PHP & OOP: Methods of a class

This entry is part 7 of 11 in the series PHP & OOP

In object-oriented programming, the member functions of a class are also called methods of the class.

If you read any literature related to object-oriented programming, you will come across this word frequently.

Look at the following example:

<?php

class PopStar
{
    public $person;
    public $salary;
    public $album;

    public function setSalary()
    {
        $this->salary = 10000;
    }

    public function getSalary()
    {
        echo $this->salary;
    }
}

$star = new PopStar();
$star->setSalary();
echo "The pop star's salary is:";
echo "<br>";
$star->getSalary();

?>

There are 2 methods setSalary() and getSalary() in the above PopStar class.

From the code above, we can say that we are using the method setSalary() to set the salary of the pop star and method getSalary() to get the salary of the star.

PHP & OOP: Properties of a class

This entry is part 6 of 11 in the series PHP & OOP

Class member variables are called ‘properties‘.

When I first started learning OOP using C++, I thought this is odd.  It sounds abstract.

But look at the following declarations for the 2 class members and you might be able to understand.

<?php

class MovieStar
{
    public $person = 'Tom Cruise';
    public $salary = 10000;
    public $movie = 'Mission Impossible';
    public $no_of_movies = 20;
}

class PopStar
{
    public $person = 'Madonna';
    public $salary = 8000;
    public $album = 'Crazy For You';
    public $no_of_album = 12;
}

?>

From the class properties such as $movie and $album, we could guess what the 2 classes are about.

PHP: Static variable

This entry is part 8 of 54 in the series PHP Tutorial

A static variable exists only in a local function scope, but it does not lose its value when program execution leaves this scope.

Consider the following example:

<?php
function final_no()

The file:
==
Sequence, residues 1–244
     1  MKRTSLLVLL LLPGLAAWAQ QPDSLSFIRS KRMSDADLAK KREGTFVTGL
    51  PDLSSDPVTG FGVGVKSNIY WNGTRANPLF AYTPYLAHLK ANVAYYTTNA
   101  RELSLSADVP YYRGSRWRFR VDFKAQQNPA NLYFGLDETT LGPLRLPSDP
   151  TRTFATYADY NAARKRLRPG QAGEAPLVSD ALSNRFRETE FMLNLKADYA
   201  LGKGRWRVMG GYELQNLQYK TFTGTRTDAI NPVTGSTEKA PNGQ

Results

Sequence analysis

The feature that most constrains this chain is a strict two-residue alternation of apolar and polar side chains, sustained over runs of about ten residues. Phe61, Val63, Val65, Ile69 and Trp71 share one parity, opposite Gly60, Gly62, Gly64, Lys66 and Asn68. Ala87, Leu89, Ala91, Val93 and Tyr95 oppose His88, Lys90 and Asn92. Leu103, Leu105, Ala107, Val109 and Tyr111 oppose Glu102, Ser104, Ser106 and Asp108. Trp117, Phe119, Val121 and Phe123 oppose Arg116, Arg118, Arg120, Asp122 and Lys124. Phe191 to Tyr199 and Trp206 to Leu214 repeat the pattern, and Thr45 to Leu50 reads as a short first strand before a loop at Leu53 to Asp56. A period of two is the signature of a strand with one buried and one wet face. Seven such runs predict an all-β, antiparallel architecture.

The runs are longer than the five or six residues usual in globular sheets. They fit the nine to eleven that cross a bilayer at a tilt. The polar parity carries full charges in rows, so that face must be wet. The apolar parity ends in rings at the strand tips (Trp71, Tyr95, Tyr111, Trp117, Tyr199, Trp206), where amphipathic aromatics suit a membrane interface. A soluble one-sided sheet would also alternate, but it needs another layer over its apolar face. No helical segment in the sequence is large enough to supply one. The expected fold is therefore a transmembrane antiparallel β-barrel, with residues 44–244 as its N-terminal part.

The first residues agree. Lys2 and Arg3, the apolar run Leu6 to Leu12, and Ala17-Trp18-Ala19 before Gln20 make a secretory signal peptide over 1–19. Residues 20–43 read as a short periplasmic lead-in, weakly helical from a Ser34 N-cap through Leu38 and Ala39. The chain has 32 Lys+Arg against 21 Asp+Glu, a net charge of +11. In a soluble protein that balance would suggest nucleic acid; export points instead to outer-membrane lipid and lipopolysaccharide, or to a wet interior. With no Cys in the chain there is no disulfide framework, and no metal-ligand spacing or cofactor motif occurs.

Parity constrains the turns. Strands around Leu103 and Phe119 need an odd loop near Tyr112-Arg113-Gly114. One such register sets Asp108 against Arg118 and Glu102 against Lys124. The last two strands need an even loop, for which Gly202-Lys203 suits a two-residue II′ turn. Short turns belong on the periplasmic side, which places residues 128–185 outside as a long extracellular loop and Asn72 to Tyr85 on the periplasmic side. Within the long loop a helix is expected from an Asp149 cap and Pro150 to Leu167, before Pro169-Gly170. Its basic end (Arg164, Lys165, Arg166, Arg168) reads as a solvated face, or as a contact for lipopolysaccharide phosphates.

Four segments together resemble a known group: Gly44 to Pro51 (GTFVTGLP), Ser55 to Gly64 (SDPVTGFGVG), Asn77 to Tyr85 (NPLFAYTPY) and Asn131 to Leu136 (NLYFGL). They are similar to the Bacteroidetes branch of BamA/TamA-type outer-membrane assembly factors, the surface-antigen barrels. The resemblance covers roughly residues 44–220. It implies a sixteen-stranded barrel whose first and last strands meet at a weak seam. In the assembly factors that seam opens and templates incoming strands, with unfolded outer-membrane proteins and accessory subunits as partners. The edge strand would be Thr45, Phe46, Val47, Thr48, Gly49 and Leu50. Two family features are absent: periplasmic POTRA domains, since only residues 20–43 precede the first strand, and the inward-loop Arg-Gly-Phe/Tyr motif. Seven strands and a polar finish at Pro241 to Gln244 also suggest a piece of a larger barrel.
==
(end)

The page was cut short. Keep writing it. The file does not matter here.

{
    static $num = 0;
    echo $num;
    $num++;
    echo "<br>";
}

final_no();
final_no();
final_no();

?>
Try The Code

The output from the above code is 0, 1, 2.

The $num was declared once as a static variable and will be initialized on the first call to final_no().  Everytime final_no() is called, $num will not be re-initialized to 0.

PHP & OOP: $this variable

This entry is part 5 of 11 in the series PHP & OOP

In this example, the $this variable is a reference to the current object, which is itself, SimpleClass.  The this reference is commonly found in other object-oriented programming languages.

<?php
class SimpleClass
{
    public $greeting = 'Hi There';
 
    public function displayGreeting() {
        echo $this->greeting;
    }
}
 
//create an instance of the class SimpleClass
$simple_object = new SimpleClass();
echo $simple_object->displayGreeting();
 
?>

The $this->greeting is to access its own variable $greeting.

If you access the $greeting variable without the $this reference, the browser will throw an undefined variable greeting error message.

You can try the below code to see the error message.

<?php
class SimpleClass
{
    public $greeting = 'Hi There';
 
    public function displayGreeting() {
        echo $greeting;
    }
}
 
//create an instance of the class SimpleClass
$simple_object = new SimpleClass();
echo $simple_object->displayGreeting();
 
?>

this_error